Point To Point
Along with the cost of staffing and materials, shipping and transportation management consistently ranks as one of the most expensive items in a company’s budget.
One of the reasons for this is that many companies, both large and small, still use outmoded methods of managing their transportation services – spreadsheets, multiple phone calls, etc. – that don’t take advantage of new services and technology.
A well-run Transportation Management System (TMS) can provide an ideal solution – yet there's a common misconception among many small and mid-sized businesses (SMBs) that such systems are the sole province of large companies.
The truth is that virtually any company can benefit from the streamlining capabilities of a tailored TMS. It's just a matter of understanding what options are available and knowing the right questions to ask before selecting one.
A few benefits of a TMS
Thanks to technological advances like cloud storage and precise tracking software, a modern TMS provides many advantages over older, more traditional approaches.
Optimized freight routing
A TMS enables you to route both inbound and outbound shipments more efficiently – with fewer miles, fewer stops, and less overall travel time.
A modern TMS allows for end-to-end tracking and visibility of shipments. They also provide real-time communication and transparency between carriers and customers.
Through a TMS, companies can monitor order and shipment lifecycles in real-time – getting accurate inventory forecasts while improving accountability across their entire supply chain.
Enhanced warehouse efficiency and productivity
By pairing a TMS with a Warehouse Management System (WMS), companies can create a record of orders and track where they are at all times – in the distribution center, in transit, and at the final location – ensuring timely and efficient transport.
By automating the process, a TMS eliminates much of the paperwork that was required in older systems. This significantly reduces administration expenses, invoicing errors and billing issues.
A better overall customer experience
Today’s customers are not known for their patience. By using data to track key performance indicators such as on-time delivery and more, the right TMS can bridge the gap between high customer expectations and cost-effective order management for shippers.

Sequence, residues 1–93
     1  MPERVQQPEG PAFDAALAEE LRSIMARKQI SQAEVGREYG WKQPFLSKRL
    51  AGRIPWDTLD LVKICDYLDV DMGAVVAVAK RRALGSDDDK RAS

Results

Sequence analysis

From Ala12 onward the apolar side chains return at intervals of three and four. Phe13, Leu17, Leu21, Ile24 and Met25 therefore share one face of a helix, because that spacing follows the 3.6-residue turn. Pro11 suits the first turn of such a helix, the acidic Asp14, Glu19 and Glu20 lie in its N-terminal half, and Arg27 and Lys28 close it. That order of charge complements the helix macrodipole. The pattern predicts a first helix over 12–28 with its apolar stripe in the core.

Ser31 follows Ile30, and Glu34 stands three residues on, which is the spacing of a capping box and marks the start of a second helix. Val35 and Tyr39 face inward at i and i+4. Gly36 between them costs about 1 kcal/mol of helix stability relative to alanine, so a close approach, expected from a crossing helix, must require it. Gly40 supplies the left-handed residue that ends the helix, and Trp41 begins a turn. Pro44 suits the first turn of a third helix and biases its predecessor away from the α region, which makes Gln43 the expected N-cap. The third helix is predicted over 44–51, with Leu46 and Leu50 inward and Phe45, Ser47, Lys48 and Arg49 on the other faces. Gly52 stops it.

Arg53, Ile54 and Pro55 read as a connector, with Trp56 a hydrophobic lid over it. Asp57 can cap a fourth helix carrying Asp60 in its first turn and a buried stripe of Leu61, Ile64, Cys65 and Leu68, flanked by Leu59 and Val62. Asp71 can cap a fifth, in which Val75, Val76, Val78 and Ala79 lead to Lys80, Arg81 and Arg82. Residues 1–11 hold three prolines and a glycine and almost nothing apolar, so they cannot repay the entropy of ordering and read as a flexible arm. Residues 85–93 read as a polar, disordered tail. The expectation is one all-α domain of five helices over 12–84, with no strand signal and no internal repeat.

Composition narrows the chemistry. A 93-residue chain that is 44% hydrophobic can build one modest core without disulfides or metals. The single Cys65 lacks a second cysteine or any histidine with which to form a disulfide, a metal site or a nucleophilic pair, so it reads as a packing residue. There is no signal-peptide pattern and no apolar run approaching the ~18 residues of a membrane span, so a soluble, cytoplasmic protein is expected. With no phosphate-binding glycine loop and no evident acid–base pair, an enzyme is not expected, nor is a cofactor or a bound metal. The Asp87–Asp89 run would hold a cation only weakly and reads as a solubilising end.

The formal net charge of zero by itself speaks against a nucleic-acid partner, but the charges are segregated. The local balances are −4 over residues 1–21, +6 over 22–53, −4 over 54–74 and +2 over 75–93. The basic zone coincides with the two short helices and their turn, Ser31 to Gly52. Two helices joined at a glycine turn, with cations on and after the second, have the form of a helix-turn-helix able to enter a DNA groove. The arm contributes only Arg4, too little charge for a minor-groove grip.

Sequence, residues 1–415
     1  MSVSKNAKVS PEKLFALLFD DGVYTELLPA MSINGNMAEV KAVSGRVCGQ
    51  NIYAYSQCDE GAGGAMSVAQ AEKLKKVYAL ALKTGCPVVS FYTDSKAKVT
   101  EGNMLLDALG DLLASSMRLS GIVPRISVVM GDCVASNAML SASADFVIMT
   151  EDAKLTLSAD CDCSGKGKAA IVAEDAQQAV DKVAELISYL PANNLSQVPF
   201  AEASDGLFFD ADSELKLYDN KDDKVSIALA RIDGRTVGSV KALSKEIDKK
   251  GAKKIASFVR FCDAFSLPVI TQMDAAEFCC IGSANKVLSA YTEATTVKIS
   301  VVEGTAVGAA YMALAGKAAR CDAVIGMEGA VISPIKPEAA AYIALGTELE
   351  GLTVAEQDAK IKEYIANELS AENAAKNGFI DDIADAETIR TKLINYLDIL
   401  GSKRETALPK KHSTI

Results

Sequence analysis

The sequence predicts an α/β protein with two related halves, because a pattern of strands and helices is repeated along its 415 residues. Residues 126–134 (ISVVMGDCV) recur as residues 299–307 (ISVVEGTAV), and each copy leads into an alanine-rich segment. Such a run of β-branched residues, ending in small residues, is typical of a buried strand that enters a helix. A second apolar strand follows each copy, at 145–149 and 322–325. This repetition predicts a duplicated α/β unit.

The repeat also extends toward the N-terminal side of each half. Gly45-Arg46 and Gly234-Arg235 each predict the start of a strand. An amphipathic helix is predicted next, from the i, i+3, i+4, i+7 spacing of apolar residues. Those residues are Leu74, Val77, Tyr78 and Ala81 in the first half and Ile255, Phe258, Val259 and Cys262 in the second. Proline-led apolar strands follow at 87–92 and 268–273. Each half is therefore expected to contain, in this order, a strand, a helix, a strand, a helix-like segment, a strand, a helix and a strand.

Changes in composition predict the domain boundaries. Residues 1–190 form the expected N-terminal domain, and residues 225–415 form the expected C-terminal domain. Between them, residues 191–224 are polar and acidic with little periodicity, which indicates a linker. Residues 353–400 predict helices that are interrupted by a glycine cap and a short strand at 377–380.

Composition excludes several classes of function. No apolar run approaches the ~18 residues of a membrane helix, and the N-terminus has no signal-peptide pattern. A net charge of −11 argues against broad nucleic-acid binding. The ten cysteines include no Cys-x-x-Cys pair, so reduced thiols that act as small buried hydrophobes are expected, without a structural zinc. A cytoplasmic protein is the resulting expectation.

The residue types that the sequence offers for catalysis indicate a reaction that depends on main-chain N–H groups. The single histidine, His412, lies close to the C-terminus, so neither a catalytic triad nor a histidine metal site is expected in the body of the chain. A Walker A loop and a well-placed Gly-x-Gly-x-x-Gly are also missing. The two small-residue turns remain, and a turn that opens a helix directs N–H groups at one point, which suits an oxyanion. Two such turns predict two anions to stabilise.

How to choose the right system for you
Too often, when considering their TMS options, companies get caught up in comparing features and pricing instead of focusing on what system offers the best fit for their business. So here are a few factors to keep in mind.
Accurately assess your current and future needs
Don’t pay for a full gamut of features that you won’t end up using. Instead, find a modular TMS that allows you to scale functionalities when it makes sense for your business.
Evaluate your current technology
You’ll want any system you implement to integrate seamlessly with your existing technology. This includes ensuring that you’re not duplicating services. (For instance, if you already have a robust CRM tool in place, you won’t need that from your TMS.) Look at what needs are being met by your current technology. Then also identify the potential integrations – from Electronic Data Interchange (EDI), to trailer tracking and beyond. Look for a system that complements your existing tools and services.
Identify your goals for the system.
You’ll find that certain TMS solutions are better at some functions than others. So look at what benefits are the most important for the unique needs of your business – whether it’s maximizing efficiency or reducing overall costs.
Understand the options available
Generally speaking, there are three common types of TMS platforms available: homegrown, on-premise, and cloud-based. Each one offers specific pros and cons, so it’s important to understand your goals for the system.
Homegrown systems are custom-built for your company. In this approach, your own IT team (or a contracted team) builds the system to your specific requirements. This is the TMS model that many SMBs think of first – which is why they quickly dismiss the idea of adopting a TMS for their business. While there are advantages to this approach, this isn't an option for companies of all sizes. For instance, you may not have an in-house IT team capable of completing such a project.
On-premise systems are off-the-shelf products you purchase from a TMS provider but host on-site. Often, you’re able to customize elements of the system. But while there are advantages to purchasing something that’s been vetted by many other companies, there are limits to how much you can tailor the system to your needs.
Cloud-based systems are hosted off-site and require a simple subscription. Given that they can be quickly updated and enhanced, cloud-based systems are increasingly becoming the standard for companies of all sizes. They’re highly scalable, and they provide everyone on your team access to the most current information. This makes them an ideal choice for SMBs looking for a way to optimize their shipping.
A good example of a scalable cloud-based TMS that puts control directly in your hands is Averitt Connect – powered by MyCarrierTMS. Averitt Connect is a self-service, multi-carrier TMS that allows shippers to control their shipping needs directly with their carriers. It lets you shop LTL rates from different carriers, then book and track shipments through an online portal. Best of all, with multiple tiers and plans available, it lets shippers pick the TMS that’s right for them. To learn more, visit AverittConnect.com.